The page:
PARIS (Dec. 30)
The three terrorists who attacked the El Al terminal at Vienna airport were planning to commandeer an Israeli plane, take the Israeli passengers hostage and fly to Israel to carry out a terrorist attack there, Austrian radio and television announced today quoting official sources.
The Austrian television said that the two surviving terrorists — the third was killed in the shootout with the Austrian police while trying to escape — told investigators that this was their plan. They said that this is why they had not made any preparations for their escape. They commandeered a car after the attack and were captured by the Austrian police a few miles from Vienna.
Austrian officials said they intend to continue investigating the attack until all light is shed on the atrocity.
CONDEMNATION OF THE TERRORISTS
Meanwhile, elsewhere in Western Europe, condemnations of the terrorists and of “all those who back them” poured in. In Strasbourg the 21-nation Council of Europe condemned today the two attacks at Vienna and Rome airports, and reaffirmed its determination to fight international terrorism.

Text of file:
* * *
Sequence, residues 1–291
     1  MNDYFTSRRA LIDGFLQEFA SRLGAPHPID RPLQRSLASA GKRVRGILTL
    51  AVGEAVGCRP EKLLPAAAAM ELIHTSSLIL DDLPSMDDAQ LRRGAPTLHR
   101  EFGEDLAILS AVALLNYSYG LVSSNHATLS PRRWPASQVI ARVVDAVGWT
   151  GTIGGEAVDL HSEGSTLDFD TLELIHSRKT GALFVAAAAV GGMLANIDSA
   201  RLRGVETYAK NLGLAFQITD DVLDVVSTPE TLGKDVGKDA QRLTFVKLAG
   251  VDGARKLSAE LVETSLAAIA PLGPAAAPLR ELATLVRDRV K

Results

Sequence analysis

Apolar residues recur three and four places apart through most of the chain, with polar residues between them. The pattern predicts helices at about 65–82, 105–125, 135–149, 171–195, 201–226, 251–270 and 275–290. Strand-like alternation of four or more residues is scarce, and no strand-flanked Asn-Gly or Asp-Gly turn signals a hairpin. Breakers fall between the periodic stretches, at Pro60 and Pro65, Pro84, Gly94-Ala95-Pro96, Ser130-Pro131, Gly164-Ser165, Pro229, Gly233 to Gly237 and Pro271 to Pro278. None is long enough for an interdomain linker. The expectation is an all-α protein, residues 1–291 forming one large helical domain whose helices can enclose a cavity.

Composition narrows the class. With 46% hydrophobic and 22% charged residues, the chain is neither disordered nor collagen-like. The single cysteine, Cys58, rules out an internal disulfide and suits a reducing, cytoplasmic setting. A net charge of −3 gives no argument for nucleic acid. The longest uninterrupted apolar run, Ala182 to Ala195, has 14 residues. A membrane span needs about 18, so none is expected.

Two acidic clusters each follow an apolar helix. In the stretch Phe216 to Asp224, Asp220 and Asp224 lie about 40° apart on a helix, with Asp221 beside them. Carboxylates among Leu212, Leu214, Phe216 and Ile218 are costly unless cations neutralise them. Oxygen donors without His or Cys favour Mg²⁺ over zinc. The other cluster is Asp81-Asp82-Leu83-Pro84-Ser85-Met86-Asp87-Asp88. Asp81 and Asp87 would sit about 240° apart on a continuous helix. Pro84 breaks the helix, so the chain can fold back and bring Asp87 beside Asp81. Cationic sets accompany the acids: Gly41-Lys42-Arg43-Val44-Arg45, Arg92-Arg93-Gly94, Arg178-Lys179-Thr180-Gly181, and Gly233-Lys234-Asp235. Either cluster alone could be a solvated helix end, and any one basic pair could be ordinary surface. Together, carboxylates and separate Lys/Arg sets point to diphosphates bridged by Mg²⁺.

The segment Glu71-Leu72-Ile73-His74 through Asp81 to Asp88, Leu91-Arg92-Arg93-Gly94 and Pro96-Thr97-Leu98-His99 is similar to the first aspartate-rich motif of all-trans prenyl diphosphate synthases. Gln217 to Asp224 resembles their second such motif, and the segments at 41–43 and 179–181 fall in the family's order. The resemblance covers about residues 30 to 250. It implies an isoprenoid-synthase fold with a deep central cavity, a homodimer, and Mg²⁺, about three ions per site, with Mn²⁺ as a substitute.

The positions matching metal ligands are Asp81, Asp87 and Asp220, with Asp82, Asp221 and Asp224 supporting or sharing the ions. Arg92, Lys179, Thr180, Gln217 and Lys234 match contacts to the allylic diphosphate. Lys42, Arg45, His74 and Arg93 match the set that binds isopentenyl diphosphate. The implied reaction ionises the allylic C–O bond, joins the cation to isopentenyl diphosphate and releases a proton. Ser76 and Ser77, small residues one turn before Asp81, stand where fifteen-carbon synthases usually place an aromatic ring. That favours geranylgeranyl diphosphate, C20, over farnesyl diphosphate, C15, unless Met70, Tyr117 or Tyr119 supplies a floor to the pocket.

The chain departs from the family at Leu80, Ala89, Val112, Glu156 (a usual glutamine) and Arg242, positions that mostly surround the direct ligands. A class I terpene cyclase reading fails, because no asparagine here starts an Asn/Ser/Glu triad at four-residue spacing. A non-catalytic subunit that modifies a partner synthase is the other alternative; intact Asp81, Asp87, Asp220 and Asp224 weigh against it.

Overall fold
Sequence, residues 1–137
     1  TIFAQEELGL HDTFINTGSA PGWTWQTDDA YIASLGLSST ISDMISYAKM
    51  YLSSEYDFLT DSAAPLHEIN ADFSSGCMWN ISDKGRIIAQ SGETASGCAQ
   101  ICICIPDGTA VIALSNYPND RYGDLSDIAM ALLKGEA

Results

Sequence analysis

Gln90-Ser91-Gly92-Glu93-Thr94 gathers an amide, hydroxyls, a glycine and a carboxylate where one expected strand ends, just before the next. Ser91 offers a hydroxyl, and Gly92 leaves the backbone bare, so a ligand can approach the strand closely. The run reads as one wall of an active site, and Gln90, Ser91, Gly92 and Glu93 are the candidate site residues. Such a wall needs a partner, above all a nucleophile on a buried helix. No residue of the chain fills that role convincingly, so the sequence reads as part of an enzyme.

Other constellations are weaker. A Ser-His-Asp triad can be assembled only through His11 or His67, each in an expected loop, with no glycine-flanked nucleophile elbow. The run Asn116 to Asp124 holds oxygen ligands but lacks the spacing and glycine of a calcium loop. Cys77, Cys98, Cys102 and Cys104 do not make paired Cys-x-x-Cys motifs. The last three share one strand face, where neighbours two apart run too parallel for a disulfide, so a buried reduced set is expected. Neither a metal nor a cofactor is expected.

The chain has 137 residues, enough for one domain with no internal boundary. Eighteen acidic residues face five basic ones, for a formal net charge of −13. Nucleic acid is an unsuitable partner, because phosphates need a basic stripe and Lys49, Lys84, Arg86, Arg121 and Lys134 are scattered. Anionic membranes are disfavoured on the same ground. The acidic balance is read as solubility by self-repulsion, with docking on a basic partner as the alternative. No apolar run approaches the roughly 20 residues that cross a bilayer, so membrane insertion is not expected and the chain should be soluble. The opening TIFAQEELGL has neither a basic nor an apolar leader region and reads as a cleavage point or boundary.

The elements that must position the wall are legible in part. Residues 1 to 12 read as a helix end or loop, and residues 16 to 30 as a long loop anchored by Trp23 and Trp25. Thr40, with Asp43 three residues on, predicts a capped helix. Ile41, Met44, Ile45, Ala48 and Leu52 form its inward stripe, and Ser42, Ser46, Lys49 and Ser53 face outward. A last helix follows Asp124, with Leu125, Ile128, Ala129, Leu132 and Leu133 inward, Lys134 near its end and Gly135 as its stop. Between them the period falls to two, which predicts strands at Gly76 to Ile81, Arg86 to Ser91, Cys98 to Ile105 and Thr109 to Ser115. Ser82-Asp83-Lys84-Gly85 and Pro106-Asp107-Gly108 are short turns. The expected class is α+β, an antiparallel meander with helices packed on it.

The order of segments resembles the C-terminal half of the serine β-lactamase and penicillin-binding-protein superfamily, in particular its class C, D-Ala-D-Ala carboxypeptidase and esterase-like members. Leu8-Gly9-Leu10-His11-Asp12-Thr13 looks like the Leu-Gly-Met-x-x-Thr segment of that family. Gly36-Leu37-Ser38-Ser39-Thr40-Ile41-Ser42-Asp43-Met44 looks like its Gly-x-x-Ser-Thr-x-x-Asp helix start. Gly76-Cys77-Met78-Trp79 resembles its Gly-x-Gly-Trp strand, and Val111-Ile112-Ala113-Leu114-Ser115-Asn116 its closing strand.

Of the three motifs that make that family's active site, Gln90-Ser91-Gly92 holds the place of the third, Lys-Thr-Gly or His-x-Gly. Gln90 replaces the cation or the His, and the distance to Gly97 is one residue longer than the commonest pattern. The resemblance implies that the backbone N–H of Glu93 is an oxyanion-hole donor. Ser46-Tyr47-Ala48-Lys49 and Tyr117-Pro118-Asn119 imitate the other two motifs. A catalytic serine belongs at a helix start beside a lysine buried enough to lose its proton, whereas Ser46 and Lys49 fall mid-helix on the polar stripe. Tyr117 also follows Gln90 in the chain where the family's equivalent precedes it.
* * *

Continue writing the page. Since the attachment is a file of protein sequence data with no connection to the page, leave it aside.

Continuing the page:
The Council of Europe Secretary General Marcelino Oreja also sent a telegram of condolence to the Italian and Austrian governments to express “my feelings of solidarity in the fight against international terrorism.”
1,000 PEOPLE ATTEND SIMPSON FUNERAL
In Rome, close to 1,000 people, among them the U.S. and the Israeli Ambassadors, attended the funeral of 11-year-old Natasha Simpson, killed during the Friday attack. A personal representative of the Pope attended a Roman Catholic mass in the chapel of the North American college. Later, a private Jewish service was held and kaddish was recited.
The girl’s father, Victor Simpson, an Associated Press news editor based in Rome, is believed to be Catholic. The girl’s mother, Daniela Petroff Simpson, who works for Time magazine, is Jewish.
Israel’s Ambassador Eytan Ron and U.S. Ambassador Maxwell Rabb attended the mass which was celebrated by a dozen clergymen and attended by Archbishop Justin Rigali of Los Angeles, head of the Vatican diplomatic academy.